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Could the earliest building blocks of life have come from space?

It might sound outlandish, but it’s possible that some of the earliest components of life were carried to Earth on a meteorite. Recent research has shown that all five of the basic building blocks of DNA have been found in meteorites.

To be clear, it isn’t that DNA has been found on a rock from outer space. Rather, the result is that each of the five basic compounds which make up DNA and RNA, called nucleobases, have been found in meteorite samples. Previously, only three of these nucleobases had been found on meteorites, but recent research has identified the final two.

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Conceptual image of meteoroids delivering nucleobases to ancient Earth. The nucleobases are represented by structural diagrams with hydrogen atoms as white spheres, carbon as black, nitrogen as blue and oxygen as red.
Conceptual image of meteoroids delivering nucleobases to ancient Earth. The nucleobases are represented by structural diagrams with hydrogen atoms as white spheres, carbon as black, nitrogen as blue, and oxygen as red. NASA Goddard/CI Lab/Dan Gallagher

“We now have evidence that the complete set of nucleobases used in life today could have been available on Earth when life emerged,” said one of the authors, Danny Glavin of NASA’s Goddard Space Flight Center, in a statement.

The two outstanding nucleobases were cytosine and thymine. These were harder to identify than the other three nucleobases (adenine, guanine, and uracil) because they have a more delicate structure which is easily broken down by the process of collecting and analyzing samples. NASA describes the traditional method of analysis of these samples as making a “meteorite tea,” in which small samples from a meteorite are put into hot liquid so that the samples are extracted and the watery solution can be studied.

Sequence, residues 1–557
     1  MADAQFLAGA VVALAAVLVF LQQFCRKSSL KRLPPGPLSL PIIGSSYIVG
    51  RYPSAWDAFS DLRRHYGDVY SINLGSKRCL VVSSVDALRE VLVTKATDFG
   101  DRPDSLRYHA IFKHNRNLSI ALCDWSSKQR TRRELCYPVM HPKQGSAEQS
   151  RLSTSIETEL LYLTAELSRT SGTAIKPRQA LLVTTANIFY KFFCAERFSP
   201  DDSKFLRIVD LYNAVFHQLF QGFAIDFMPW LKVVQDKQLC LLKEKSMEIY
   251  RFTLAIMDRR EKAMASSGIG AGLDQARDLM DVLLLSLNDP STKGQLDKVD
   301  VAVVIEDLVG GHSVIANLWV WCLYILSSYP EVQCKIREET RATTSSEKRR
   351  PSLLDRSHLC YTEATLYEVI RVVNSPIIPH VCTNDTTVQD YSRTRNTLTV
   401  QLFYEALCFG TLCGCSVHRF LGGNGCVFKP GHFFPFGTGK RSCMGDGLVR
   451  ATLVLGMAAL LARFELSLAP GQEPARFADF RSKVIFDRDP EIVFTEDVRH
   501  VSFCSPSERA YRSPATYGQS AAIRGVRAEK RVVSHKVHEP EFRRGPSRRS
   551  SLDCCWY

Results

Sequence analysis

“We study these water extracts since they contain the good stuff, ancient organic molecules that could have been key building blocks for the origin of life on Earth,” explained Glavin.

But the two remaining nucleobases required a more careful method to be identified, using cool water and a more sensitive analysis process. “This group has managed a technique that is more like cold brew than hot tea and is able to pull out more delicate compounds,” explained another co-author, Jason Dworkin. “I was amazed that they had seen cytosine, which is very fragile.”

Whether the ingredients for life did actually come to Earth on a meteorite is still an open question. Life could also have developed from the primordial soup of a very young planet Earth, from the interactions of organic compounds. But this research opens up more possibilities for future research into the topic.

“This is adding more and more pieces; meteorites have been found to have sugars and bases now,” Dworkin said. “It’s exciting to see progress in the making of the fundamental molecules of biology from space.”

The research is published in the journal Nature.

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